A recent editorial that appeared in the Annals of Internal Medicine entitled, “Enough is Enough: Stop Wasting Money on Vitamin and Mineral Supplements,” grabbed a lot of media headlines and left many people wondering if they should toss out their vitamin supplements.
Unfortunately, this editorial was misleading; and the conclusions of the studies were misreported not only by the editorial, but also by the various media sources that covered the story.
These studies failed to consider several important and relevant factors, and so we shouldn’t be so quick to get rid of the multivitamins that can play a very important role in supporting good health.
What is important to look at here are the facts presented in the three studies which were the basis for this editorial.
The three studies looked at the effects of multivitamins on preventing both heart attacks and cancer, and improving cognitive function in men older than 65. Here is a synopsis of the actual findings of these studies:
- The study by Fortmann, et al., was a meta-analysis or review of clinical studies that looked at the benefits and harms of vitamins and minerals in nutrient-sufficient adults for the primary prevention of cardiovascular disease and cancer. Worth noting is that two of the studies included in this review actually found a reduced risk of cancer in men, and the authors acknowledge limitations that their analysis only included primary prevention studies in adults without known nutritional deficiencies and that the studies were conducted in older individuals.
- The second study by Lamas, et al., looked at 1,700 people who previously had heart attacks. Almost half of the participants stopped taking the multi-vitamin during the study making the findings very difficult to interpret. Even with a high drop-out rate, those participants who continued taking multi-vitamins had a trend of reduced heart attacks.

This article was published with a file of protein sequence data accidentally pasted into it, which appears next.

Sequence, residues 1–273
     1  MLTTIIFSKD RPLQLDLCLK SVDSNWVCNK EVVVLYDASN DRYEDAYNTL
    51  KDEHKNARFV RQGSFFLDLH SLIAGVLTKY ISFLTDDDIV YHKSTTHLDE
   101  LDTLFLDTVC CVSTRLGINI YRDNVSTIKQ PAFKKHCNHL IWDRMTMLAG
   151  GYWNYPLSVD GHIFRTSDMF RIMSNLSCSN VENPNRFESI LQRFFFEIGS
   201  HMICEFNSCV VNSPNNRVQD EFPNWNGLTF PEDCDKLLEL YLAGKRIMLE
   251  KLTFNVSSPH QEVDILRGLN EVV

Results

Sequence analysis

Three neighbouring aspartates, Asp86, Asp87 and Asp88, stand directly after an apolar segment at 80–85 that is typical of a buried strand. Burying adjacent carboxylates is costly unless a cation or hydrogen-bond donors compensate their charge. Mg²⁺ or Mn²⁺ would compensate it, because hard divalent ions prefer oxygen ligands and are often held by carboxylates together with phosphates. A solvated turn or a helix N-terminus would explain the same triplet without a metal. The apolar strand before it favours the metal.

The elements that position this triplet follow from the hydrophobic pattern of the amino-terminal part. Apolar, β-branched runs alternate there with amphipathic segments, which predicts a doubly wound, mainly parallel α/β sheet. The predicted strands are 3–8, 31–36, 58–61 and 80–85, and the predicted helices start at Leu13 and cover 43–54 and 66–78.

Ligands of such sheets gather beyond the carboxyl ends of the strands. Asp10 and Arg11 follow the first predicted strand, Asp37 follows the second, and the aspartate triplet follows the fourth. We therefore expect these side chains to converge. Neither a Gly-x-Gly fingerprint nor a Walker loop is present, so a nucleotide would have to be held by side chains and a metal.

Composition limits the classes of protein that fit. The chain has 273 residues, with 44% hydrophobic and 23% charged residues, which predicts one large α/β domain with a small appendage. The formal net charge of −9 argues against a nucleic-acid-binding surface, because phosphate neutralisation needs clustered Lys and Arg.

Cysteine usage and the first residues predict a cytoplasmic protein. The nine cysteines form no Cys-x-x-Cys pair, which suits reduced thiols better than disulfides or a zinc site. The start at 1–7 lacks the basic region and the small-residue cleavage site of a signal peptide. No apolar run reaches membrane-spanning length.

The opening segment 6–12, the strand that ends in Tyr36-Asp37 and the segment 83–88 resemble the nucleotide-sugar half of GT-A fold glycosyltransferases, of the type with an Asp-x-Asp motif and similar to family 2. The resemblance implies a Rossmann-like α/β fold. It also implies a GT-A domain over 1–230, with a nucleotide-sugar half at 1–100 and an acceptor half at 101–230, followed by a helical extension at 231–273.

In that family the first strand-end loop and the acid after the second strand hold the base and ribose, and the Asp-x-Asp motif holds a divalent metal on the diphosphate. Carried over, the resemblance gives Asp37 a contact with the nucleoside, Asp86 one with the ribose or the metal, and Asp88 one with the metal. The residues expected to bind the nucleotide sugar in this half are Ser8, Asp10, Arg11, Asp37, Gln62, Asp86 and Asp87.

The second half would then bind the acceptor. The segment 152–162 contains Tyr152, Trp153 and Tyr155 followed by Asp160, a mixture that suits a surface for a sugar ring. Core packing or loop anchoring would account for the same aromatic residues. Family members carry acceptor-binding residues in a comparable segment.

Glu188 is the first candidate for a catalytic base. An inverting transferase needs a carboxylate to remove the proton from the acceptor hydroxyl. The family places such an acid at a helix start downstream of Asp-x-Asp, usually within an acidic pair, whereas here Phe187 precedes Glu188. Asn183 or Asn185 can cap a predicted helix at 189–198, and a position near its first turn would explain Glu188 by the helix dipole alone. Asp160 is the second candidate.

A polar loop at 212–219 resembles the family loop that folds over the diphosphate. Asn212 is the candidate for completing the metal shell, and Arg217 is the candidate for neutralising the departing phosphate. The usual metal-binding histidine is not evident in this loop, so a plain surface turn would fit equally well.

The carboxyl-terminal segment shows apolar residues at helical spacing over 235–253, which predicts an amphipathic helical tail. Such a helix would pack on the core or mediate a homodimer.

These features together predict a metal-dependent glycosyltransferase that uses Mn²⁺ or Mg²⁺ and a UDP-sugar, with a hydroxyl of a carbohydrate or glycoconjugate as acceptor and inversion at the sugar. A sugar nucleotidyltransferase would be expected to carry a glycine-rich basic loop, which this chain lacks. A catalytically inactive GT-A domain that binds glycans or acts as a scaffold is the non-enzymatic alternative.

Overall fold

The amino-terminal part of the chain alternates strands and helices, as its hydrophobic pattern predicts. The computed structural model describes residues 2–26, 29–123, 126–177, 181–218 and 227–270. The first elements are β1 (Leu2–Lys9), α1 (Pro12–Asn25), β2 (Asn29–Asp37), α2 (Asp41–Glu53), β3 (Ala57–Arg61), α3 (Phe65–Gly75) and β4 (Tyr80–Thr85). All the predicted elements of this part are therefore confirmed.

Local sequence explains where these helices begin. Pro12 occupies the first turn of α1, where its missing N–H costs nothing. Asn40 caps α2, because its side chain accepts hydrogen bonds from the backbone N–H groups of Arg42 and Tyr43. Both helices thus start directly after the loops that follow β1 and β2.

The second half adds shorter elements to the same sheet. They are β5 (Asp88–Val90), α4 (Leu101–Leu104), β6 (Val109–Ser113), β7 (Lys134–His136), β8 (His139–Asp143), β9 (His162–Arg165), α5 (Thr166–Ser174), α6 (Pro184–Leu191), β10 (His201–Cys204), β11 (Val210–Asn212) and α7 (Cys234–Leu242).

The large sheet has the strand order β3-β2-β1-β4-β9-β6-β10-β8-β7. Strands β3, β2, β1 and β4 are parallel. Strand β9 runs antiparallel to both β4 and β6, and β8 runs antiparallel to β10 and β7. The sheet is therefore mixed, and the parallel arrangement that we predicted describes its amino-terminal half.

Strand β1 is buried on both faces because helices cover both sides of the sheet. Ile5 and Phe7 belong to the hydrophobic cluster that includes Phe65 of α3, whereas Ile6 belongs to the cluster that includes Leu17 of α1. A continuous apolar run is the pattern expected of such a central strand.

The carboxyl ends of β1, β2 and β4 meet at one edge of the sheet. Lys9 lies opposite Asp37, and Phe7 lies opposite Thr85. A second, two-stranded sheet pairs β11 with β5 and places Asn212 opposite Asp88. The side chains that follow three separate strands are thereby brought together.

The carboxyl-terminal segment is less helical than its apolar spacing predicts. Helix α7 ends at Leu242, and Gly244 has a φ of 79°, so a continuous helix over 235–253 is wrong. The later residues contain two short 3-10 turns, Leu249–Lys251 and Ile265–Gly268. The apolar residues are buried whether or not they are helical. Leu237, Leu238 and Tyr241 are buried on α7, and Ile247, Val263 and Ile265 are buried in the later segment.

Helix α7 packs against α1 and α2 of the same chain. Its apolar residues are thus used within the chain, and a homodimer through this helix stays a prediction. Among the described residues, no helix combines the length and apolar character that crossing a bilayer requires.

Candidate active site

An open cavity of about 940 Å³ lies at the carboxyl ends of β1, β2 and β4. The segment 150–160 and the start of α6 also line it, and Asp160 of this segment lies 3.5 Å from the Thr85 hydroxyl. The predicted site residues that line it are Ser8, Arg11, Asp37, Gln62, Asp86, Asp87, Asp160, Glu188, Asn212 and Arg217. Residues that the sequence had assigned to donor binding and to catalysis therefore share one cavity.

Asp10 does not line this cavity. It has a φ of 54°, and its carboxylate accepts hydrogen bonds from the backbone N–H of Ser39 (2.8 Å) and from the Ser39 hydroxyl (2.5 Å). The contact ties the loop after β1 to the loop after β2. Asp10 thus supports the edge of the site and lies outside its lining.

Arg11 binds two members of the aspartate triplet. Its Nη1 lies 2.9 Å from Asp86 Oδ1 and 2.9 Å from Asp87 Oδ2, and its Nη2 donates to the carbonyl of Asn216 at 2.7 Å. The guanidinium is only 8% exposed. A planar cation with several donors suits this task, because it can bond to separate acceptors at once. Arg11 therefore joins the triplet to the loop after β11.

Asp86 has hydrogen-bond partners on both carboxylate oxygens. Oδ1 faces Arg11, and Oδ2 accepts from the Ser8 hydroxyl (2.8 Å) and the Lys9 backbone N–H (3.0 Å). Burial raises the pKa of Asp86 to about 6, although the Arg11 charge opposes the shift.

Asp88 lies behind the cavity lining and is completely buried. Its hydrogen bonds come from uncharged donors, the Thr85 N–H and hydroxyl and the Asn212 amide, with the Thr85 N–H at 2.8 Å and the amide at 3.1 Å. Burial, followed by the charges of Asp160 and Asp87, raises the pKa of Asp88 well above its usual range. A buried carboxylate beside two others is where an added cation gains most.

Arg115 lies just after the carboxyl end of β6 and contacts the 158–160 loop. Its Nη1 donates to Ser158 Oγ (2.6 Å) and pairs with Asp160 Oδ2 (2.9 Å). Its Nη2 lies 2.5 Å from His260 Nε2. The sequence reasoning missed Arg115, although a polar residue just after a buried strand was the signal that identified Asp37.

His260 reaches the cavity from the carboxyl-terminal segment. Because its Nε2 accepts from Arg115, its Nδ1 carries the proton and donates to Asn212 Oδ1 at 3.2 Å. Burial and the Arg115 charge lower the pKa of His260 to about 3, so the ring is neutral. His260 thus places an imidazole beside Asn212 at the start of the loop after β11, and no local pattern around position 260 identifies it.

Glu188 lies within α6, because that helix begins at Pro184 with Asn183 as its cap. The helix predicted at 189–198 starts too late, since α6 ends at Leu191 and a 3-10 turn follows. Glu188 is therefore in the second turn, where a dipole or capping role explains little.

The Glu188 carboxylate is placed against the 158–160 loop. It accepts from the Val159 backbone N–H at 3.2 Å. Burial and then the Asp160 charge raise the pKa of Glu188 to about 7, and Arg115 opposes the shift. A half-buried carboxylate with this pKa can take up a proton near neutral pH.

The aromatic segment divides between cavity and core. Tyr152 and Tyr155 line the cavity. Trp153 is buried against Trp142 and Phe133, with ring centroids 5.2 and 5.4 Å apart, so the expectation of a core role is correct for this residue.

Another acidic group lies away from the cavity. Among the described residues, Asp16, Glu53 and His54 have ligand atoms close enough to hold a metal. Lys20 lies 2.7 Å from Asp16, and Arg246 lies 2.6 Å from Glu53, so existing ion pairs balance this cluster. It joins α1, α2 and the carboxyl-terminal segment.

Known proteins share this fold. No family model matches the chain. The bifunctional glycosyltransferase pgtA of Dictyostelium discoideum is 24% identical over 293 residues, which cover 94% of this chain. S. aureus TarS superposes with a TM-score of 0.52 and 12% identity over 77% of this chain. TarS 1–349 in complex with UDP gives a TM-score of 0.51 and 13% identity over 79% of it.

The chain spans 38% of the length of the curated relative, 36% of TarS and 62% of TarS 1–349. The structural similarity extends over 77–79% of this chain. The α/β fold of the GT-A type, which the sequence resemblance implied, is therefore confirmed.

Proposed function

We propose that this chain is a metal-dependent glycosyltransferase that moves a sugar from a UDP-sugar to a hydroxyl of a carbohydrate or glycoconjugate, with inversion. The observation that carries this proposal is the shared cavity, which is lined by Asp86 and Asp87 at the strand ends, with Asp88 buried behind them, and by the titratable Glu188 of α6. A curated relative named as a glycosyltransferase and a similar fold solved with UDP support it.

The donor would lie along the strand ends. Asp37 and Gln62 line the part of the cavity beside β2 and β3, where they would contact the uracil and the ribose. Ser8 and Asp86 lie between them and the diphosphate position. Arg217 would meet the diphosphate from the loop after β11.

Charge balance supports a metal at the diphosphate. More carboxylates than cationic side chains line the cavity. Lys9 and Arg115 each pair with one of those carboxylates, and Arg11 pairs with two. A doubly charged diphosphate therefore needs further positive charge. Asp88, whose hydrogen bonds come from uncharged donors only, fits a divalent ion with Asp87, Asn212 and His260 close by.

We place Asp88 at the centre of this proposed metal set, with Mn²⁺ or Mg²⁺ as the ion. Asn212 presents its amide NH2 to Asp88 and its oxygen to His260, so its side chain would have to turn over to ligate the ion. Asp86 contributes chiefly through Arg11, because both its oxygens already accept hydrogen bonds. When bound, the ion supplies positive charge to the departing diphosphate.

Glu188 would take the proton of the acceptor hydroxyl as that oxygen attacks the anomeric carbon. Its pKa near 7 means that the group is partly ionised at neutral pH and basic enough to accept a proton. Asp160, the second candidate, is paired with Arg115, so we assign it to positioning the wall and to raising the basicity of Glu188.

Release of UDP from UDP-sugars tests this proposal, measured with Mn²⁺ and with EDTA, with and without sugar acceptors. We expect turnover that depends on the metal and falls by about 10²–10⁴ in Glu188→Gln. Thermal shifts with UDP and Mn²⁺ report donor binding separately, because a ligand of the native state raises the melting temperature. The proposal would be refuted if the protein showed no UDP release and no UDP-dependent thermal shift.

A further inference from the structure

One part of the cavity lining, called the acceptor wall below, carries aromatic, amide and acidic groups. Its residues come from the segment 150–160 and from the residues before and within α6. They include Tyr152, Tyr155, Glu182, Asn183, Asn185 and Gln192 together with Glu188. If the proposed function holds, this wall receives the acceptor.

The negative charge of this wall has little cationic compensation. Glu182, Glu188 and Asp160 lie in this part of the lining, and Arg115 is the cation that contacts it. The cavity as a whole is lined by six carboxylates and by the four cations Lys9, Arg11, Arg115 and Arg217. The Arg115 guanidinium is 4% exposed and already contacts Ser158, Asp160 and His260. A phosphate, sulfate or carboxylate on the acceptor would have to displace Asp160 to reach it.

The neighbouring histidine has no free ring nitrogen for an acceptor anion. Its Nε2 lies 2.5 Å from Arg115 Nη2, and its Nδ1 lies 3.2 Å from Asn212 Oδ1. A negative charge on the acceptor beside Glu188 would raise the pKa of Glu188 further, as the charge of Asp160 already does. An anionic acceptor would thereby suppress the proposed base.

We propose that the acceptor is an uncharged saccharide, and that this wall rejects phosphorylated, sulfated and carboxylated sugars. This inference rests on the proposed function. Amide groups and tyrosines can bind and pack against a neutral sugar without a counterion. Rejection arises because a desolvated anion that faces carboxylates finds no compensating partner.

- The third study by Grodstein, et al., involved 5947 male doctors over the age of 65 and found no difference in mean cognitive change over time between the multivitamin and placebo groups. The authors of this study actually state limitations: the doses of vitamins may be too low or the population too well nourished to benefit from a multivitamin. After all, this group included male doctors, a traditionally affluent group at very low risk of inadequate nutritional intake).
It is important to note that these studies did not evaluate the benefits of multivitamins for women and men who are younger, vitamins for vegetarian women and men, people with nutritional deficiencies or poor dietary intake, or those with health conditions that can compromise nutrient status such as celiac disease, Crohn’s disease, colitis, or other chronic diseases. They also did not take into consideration lifestyle factors that can affect nutrient levels such as stress, exercise or consumption of fast/processed food or use of prescription drugs that can deplete nutrients in the body such as oral contraceptives, diuretics, statins or blood pressure medications.
The reality is that many Canadians suffer from nutritional deficiencies due to inadequate or inappropriate intake from food. According to a recent report by Health Canada, many adults have inadequate intakes of magnesium, calcium, vitamin A and vitamin D.
Multivitamins and other supplements are not intended to replace the need for a proper diet. Rather they can complement the diet, help prevent nutrient deficiencies and play a role in optimizing good health for women and men, and preventing disease.
A multivitamin should be considered as the foundation of your supplement regimen. It can help to fill in gaps from your diet and compensate for the many factors that deplete nutrients in our bodies.